Designing a Console That Matches the Customer Journey
Time to read: 5 minutes
As a Twilio customer, you’ve probably seen our rapid development of many new products. Even if you don’t follow our product release announcements religiously, you’re bound to have seen the growing product menu in the Console. When the Console was launched in 2016, there were a handful of products. Now there are dozens, including everything from raw APIs through fully programmable applications, plus a suite of developer tools.
In order to scale quickly, the Console was intentionally architected to enable many small product teams to ship their frontend experiences autonomously. This strategy, while optimal for rapid growth, came with some UX tradeoffs. Having no centralized governance of the Console led to a lot of inconsistency and duplication across products. Our customers felt the pain of this as they built more multi-channel Twilio applications and were moving between different parts of the Console.
To address the confusion our customers were experiencing, a new small Console team was tasked with looking across the different products and creating a coherent experience that supported the way our customers work.
It was time for Twilio to look at the Console as more than the sum of its products.
The following is an overview of how we approached this process from a user experience perspective. We hope that other organizations with similar growth patterns find it helpful.
One of Twilio’s core values is to “wear the customers’ shoes.” To begin the redesign, we looked across CSAT surveys, support tickets, and usability testing notes. We found a wealth of evidence that the Console’s information architecture wasn’t ideal. Despite high ratings for individual products, users felt lost in the Console and spent too much effort looking for the content they needed.
In addition, we heard that users didn’t feel comfortable exploring Twilio’s products because they were overwhelmed by the long, non-descriptive product menu. Because of this, it was common for regular Console visitors to be fully unaware of products that existed and directly applied to problems they needed to solve.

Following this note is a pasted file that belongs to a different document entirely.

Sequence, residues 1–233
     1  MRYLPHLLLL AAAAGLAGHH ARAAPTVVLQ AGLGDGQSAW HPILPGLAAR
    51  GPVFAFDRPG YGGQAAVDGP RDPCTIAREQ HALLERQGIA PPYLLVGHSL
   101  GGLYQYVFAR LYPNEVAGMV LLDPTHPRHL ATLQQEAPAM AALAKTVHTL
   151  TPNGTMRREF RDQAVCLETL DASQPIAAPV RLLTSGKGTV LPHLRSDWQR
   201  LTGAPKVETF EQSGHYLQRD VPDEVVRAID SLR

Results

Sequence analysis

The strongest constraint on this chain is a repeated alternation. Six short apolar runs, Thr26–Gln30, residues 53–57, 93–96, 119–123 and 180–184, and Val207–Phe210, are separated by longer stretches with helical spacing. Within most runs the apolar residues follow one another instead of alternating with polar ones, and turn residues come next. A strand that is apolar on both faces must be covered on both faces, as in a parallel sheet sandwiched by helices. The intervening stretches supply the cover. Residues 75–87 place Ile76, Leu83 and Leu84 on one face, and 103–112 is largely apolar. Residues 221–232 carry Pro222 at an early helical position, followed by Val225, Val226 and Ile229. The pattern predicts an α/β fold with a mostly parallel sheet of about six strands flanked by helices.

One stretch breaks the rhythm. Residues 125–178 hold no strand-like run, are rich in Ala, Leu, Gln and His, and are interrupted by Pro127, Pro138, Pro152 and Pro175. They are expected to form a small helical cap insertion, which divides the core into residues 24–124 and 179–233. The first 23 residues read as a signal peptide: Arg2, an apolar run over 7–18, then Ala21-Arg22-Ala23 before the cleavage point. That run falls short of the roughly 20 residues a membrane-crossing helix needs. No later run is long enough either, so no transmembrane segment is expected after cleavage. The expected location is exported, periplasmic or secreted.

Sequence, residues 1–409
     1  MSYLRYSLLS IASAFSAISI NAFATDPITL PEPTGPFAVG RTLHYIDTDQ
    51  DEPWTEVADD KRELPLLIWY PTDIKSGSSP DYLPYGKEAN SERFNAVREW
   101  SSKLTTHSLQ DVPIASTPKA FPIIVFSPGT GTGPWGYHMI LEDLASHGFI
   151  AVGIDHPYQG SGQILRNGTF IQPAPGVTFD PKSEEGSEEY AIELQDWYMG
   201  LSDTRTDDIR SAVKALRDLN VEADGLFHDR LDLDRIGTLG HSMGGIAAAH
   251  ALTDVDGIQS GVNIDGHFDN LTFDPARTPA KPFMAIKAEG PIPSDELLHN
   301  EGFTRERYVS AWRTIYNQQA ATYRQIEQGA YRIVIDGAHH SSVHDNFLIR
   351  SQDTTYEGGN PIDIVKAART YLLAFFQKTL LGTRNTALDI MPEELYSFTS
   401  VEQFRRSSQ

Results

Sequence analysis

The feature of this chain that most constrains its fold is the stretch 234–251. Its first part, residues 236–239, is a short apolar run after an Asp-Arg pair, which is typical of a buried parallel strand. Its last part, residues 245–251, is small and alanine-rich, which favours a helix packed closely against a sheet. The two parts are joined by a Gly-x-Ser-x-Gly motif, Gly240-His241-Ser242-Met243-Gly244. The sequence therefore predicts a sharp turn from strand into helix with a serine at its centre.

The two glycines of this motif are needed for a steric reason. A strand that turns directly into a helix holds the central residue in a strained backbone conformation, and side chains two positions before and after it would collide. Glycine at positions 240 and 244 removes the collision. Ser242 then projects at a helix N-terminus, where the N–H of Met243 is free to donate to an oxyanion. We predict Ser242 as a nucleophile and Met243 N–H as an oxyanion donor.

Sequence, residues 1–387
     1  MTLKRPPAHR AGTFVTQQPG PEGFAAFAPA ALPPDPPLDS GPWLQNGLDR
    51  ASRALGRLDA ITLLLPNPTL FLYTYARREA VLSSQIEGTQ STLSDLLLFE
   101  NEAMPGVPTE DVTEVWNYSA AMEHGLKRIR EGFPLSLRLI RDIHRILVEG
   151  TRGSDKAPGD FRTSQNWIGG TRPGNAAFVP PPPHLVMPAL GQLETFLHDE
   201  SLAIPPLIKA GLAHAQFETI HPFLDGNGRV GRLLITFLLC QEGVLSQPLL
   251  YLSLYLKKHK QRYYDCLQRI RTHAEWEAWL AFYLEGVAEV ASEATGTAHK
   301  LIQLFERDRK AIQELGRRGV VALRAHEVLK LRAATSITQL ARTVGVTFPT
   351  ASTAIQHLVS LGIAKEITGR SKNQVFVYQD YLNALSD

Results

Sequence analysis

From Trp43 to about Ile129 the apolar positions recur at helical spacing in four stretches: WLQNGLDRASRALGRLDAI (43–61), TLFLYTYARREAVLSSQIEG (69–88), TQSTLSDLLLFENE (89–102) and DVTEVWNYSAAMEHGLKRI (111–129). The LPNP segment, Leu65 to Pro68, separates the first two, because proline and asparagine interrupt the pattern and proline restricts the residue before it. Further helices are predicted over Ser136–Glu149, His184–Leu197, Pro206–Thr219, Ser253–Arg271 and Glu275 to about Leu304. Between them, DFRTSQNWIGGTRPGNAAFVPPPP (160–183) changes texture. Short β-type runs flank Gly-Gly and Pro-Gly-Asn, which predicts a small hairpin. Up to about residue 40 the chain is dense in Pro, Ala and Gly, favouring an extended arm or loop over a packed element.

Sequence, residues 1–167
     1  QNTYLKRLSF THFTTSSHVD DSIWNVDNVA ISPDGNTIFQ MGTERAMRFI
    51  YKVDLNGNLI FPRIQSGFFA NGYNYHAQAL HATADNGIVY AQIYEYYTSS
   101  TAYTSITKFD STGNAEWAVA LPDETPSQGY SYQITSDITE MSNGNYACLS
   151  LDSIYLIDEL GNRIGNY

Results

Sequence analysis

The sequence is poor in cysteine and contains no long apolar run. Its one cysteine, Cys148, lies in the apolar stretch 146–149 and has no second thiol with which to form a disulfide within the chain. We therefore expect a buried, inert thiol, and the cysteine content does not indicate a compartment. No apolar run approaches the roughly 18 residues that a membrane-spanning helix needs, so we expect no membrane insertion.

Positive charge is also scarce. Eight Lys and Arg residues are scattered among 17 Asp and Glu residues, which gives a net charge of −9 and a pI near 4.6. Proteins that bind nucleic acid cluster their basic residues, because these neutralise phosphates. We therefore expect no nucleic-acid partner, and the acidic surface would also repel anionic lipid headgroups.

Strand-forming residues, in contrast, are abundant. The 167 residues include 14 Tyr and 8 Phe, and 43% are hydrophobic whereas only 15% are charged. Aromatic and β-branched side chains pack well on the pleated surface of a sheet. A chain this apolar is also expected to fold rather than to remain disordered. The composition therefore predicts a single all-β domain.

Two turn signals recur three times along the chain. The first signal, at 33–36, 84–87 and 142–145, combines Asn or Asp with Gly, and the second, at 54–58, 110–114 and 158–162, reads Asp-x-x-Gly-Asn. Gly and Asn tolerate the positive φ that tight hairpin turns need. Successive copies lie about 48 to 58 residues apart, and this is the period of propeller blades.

“The UI navigation doesn't seem organized into any logical fashion, or it’s too logical and done from the perspective of someone who knows deeply how the whole thing works.” - CSAT participant
As we looked at engagement metrics, we saw trends that reinforced these challenges. The vast majority of activity was occurring in a handful of product pages such as log and service pages. A large portion of other pages were getting <1% of overall product traffic. All these extra pages, many of which had duplicative content, likely added noise and cognitive load.
We wanted our information architecture to match the mental model of our users. We ran a type of research called card sorting, in which users were asked to categorize a variety of Twilio-related tasks in a manner that felt logical to them.
We saw that developers tended to sort content through the lens of the development lifecycle, rather than product vertical. At each phase of the journey, there were different goals and different types of content needed to accomplish those goals. They also categorized many of the administrative tasks in their own section outside of the development journey.
We explored a variety of ways to organize the Console in a manner that supported this journey and tested these variations to see what worked the best for customers. In addition to collecting developer feedback, we tested with technical support managers, product managers, IT admins, and billing managers, all of whom participate in this journey and rely on the Console to do their jobs.